l t is the number of nodes in a tree t.

t1 # t2 is true if t1 homeomorphically embeds into t2 (based on Definition 4.4 here), and false otherwise.

a n outputs a big list of trees. The exact list isn't important. The important property is that a n contains every tree up to n nodes, with nodes being labelled with 1, 2, or 3, and maybe some more trees as well (but those other trees will also be labelled with 1, 2, or 3). It is also guaranteed to output a finite list.

s n lists all sequences length n of trees, such that the reverse (since we build it backwards) of that sequence is valid. A sequence is valid if the nth element (where we start counting at 1) has at most n nodes, and no tree homeomorphically embeds into a later one.

main prints out the smallest n such that there is no valid sequences of length n.

Since TREE(3) is defined as the length of the longest valid sequence, TREE(3)+1 is the smallest n such that there are no valid sequences of length n, which is what my program outputs.

Python 2, 194 bytes, ~ Hψ(ΩΩΩ)(9)

where H is the Hardy hierarchy, and ψ is the ordinal collapsing function below the Bachmann-Howard ordinal defined by Pohlers.

Thanks to Jonathan Frech for -3 bytes.

def S(T):return 0if T==1else[S(T[0])]+T[1:]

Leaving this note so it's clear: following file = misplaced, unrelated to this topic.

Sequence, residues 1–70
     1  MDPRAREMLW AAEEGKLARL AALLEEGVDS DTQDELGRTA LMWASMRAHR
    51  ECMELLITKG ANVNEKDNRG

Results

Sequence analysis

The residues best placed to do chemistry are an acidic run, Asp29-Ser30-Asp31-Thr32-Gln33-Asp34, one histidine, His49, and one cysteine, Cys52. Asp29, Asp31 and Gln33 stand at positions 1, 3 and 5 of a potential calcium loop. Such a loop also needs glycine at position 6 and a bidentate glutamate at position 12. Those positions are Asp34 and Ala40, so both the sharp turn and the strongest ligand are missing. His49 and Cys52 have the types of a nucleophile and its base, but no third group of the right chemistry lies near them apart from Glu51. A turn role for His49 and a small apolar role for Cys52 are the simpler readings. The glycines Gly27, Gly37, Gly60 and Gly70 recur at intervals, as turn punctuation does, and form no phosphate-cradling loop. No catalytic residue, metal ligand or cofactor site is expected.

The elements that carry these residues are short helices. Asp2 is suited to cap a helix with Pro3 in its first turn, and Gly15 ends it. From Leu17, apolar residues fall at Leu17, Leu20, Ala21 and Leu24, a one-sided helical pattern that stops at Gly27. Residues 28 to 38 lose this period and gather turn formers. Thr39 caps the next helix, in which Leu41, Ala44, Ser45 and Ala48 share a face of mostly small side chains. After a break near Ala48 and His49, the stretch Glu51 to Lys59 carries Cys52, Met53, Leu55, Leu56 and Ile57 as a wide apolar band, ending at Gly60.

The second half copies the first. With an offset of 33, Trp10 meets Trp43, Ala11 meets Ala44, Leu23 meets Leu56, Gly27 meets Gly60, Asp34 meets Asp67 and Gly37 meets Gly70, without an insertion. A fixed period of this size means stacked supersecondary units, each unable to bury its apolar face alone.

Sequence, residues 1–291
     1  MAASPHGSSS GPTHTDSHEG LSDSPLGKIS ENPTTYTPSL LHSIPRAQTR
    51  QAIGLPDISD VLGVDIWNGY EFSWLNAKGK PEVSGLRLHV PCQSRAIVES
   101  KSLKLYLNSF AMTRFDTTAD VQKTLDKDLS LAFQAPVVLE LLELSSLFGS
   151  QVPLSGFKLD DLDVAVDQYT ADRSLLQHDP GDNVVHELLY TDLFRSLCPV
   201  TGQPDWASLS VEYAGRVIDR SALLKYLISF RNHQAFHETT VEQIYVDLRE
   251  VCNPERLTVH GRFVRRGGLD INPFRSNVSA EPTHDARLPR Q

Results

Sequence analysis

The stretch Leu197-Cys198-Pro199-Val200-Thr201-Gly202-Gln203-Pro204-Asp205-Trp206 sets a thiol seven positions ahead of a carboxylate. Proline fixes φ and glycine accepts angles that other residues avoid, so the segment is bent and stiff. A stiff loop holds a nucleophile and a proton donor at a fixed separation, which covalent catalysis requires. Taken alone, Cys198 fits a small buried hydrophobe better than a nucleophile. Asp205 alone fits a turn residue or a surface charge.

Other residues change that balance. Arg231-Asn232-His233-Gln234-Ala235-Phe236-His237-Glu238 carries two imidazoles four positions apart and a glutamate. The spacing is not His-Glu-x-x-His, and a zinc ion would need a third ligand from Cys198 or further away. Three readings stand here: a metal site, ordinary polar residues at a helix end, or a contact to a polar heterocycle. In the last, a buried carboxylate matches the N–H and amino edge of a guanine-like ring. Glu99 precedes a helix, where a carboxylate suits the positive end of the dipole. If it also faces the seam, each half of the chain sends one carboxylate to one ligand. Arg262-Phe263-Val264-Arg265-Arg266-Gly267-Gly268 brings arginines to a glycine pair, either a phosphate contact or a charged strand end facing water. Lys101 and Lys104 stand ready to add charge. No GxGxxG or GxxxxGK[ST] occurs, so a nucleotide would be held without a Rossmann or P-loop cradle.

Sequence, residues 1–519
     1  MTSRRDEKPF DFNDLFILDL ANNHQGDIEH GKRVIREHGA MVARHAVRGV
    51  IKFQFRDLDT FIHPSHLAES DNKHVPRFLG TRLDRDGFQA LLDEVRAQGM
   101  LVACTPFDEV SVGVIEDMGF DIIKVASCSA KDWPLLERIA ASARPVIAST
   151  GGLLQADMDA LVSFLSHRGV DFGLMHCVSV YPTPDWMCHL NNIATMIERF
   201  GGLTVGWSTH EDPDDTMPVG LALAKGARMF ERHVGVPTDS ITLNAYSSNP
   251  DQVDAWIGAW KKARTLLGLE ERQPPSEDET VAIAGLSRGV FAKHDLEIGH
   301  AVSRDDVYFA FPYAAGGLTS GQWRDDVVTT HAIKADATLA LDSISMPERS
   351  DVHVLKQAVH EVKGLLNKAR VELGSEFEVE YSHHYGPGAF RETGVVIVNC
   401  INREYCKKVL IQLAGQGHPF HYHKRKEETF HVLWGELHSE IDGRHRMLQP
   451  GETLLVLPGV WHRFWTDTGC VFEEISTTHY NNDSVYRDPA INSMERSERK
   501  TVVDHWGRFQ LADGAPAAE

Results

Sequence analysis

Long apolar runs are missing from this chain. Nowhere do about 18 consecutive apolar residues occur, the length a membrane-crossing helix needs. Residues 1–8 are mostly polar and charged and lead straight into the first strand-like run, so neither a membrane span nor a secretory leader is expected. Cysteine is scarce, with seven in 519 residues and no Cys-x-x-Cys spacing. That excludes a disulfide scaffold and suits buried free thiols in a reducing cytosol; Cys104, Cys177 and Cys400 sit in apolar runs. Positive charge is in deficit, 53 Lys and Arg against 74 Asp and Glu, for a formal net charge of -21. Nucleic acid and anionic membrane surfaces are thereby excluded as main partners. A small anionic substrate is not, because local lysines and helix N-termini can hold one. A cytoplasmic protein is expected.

def R(T):U=T[0];V=T[1:];exec"global B;B=T"*(T[-1]==0);return[S(B)]+V if U==1else[R(U)]*c+V if U else V
while A:A=R(A);c*=c
print c

Try it online!

Better spaced version:

def S(T):
  return 0 if T==1 else [S(T[0])]+T[1:]

def R(T):
  global B
  if T[-1]==0:
  if U==1: 
    return [S(B)]+V
  return [R(U)]*c+V if U else V

while A:
print c


This program implements a variant of the Buchholz hydra, using just labels of 0 and 1. Basically, at each step, we look at the first leaf node of the tree, and see if it is labelled with a 0 or a 1.

-If the leaf node is labelled with a 0, then we delete the leaf node, and then copy the tree starting from the parent of the leaf node c times, all of the copies connected to the grandparent of the leaf node.

-If the leaf node is labelled with a 1, then we search back towards the root until we reach an ancestor node labelled with a 0. Let S be the tree starting from that ancestor node. Let S' be S with the leaf node relabelled with 0. Replace the leaf node with S'.

We then repeat the process until we have nothing left but the root node.

This program differs from the normal Buchholz hydra procedure in two ways: First, after we do the above procedure, we recurse back up the tree, and do the label 0 copy procedure described above for each ancestor node of the original leaf node. This increases the size of the tree, so our procedure will take longer than the normal Buchholz hydra, and therefore lead to a bigger number in the end; however, it will still terminate because the ordinal associated with the new tree will still be less the the old tree. The other difference is, rather than start with c = 1 and increasing 1 each time, we start with c = 9 and square it each time, because why not.

The tree [[[1,1],1],0] corresponds to the ordinal ψ(ΩΩΩ), which is considerably bigger than the ordinal ϑ(Ωωω), and so our resulting final number of about Hψ(ΩΩΩ)(9) will definitely exceed TREE(3).